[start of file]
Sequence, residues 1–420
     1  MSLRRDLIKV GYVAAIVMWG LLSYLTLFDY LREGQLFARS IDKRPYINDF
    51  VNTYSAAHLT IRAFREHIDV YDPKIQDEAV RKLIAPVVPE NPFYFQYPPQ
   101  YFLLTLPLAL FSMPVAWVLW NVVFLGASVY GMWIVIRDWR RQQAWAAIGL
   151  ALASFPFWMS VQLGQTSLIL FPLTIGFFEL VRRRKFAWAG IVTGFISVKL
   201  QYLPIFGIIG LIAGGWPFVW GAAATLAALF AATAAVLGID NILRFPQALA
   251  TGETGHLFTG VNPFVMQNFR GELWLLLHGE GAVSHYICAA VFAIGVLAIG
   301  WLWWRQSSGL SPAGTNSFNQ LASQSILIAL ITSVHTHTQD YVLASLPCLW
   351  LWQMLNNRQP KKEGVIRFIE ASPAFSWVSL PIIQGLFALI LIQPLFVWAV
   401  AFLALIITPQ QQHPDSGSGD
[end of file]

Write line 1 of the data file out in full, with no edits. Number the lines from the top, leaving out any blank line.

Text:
Sequence, residues 1–420